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RE: XML File Inclusion and Path Traversal Attacks (was RE: XML Port Scanning)
From: "Mark Mcdonald" <mmcdonald () staff iinet net au>
Date: Fri, 29 Sep 2006 09:19:06 +0800

I can see this problem getting progressively worse with the gradual adoption of XML-based document formats.

For example, if an attacker knows the path (either by traversal as mentioned below or through some other exposed 
mechanism), it would be trivial to include the standard DTDs for the OpenDocument & MS suite of document types.

Kudos to both teams for this research though, excellent stuff

-----Original Message-----
From: listbounce () securityfocus com [mailto:listbounce () securityfocus com]
On Behalf Of Jan P. Monsch
Sent: Thursday, September 28, 2006 3:28 AM
To: 'Paul Theriault'; colin.wong () sift com au
Cc: pen-test () securityfocus com; webappsec () securityfocus com
Subject: XML File Inclusion and Path Traversal Attacks (was RE: XML Port
Scanning)

Hi Paul, Hi Colin

Thank you for your nice paper on XML port scanning. The attack scheme you
are describing is not new. It was already described in Oct 2002 by Gregory
Steuck as "XML eXternal Entity Attack" (XXE):
http://www.securiteam.com/securitynews/6D0100A5PU.html

Actually the attack scheme is more potent than you imagine. Depending on
the
application it is possible to include server-side files into XML
documents.
If e.g. the content of the processed XML document is stored in database
and
it is possible to read the database through the same or other web service
functions or web application then the file content is disclosed.

Due to the fact that directories can often be read just like a file, as it
is the case in Java, it is possible to traverse directories and to read
files without guessing paths.

So far I have not succeeded in including arbitrary XML documents since
they
often violate DTD definitions of the surrounding XML. But if the DTD
allows
further XML tags in a field extraction of XML documents should also be
possible. But in general my experience shows that Java property files,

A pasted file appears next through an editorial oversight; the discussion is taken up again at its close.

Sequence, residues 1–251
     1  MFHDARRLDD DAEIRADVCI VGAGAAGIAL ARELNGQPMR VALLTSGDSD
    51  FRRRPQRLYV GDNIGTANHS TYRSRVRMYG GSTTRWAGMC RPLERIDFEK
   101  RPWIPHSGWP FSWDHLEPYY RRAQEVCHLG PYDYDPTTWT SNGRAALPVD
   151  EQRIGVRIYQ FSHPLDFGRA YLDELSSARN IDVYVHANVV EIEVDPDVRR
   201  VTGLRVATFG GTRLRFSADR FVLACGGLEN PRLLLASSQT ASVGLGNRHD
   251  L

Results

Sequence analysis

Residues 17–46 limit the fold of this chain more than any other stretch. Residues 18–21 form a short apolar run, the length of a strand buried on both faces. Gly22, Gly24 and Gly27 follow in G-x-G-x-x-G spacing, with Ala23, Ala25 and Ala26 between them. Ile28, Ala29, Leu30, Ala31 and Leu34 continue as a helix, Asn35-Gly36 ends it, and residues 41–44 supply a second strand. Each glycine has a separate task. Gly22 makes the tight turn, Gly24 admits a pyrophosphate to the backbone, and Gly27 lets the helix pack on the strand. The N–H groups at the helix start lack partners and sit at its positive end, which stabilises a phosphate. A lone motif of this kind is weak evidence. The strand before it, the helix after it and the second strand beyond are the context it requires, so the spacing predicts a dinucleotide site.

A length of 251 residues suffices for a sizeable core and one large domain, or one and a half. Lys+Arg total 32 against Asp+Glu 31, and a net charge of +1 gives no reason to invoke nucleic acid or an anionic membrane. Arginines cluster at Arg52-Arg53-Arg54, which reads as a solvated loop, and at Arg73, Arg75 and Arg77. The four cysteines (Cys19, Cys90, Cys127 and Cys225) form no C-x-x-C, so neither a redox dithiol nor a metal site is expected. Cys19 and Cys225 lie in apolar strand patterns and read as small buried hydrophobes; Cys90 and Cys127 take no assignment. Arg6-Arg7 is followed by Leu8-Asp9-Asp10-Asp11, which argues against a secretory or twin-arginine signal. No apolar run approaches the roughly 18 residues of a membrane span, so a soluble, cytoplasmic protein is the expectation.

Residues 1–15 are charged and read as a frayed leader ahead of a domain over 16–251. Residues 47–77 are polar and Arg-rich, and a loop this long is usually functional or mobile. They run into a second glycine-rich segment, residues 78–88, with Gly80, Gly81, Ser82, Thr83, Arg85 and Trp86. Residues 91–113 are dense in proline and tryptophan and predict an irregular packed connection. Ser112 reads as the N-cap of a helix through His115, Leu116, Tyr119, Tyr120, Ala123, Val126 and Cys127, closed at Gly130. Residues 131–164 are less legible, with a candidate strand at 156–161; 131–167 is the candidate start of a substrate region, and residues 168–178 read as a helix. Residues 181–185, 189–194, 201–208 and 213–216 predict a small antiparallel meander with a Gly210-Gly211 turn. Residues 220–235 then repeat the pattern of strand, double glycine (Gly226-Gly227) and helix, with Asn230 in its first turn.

/etc/passwd, /etc/shadow or even PEM-encoded SSL key material pose no
problems.

Actually XML file inclusion is often practiced by Java web application
developers and system engineers to include external parts in web.xml and
Tomcat server.xml configuration files.

The key to solving this issue, as mentioned in the paper, is to harden the
XML parser by setting restrictive entity parsing options and to implement
custom entity resolvers. Additionally I recommend running the web
application with a low-privileged user account and restricting read and
write access for this user across the operating system. For the paranoid
among us who have deployed a Java based container should consider
restricting file and network access through Java policies and security
managers.

Samples request and response can be found on my web site:
http://www.iplosion.com/?p=36

Kind regards
Jan




-----Original Message-----
From: listbounce () securityfocus com [mailto:listbounce () securityfocus com]
On
Behalf Of Paul Theriault
Sent: Mittwoch, 27. September 2006 06:19
To: webappsec () securityfocus com
Subject: XML Port Scanning

SIFT has released a new Intelligence Report that provides a discussion on
a
new network reconnaissance technique, using XML for completing remote port
scans that effectively bypass a perimeter firewall. The technique utilises
properties of XML parsers to perform the scanning of systems, and while
the
technique relies on some reasonably specific implementation details in
order
to be exploitable remotely, it is potentially applicable to any
application
that accepts XML document inputs.

Several workarounds exist and have been detailed in this paper and the
technique does not offer the ability to perform advanced fingerprinting or
analysis of the underlying operating system of hosts. However, this
technique demonstrates the danger that inadequately configured XML parsers
can pose to an organisation and highlights the inability of traditional
network security devices to handle application-level threats.

The report is available for download from the SIFT website:
http://www.sift.com.au/36/172/xml-port-scanning-bypassing-restrictive-
perime
ter-firewalls.htm


Regards,
Paul Theriault
www.sift.com.au

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-------------------------------------------------------------------------
Sponsored by: Watchfire

It's been reported that 75% of websites are vulnerable to attack. That's
because hackers know to exploit weaknesses in web applications.
Traditional approaches to securing these assets no longer apply. Download
the "Addressing Challenges in Application Security" whitepaper today, and
see for yourself.

https://www.watchfire.com/securearea/whitepapers.aspx?id=701500000008Vmw
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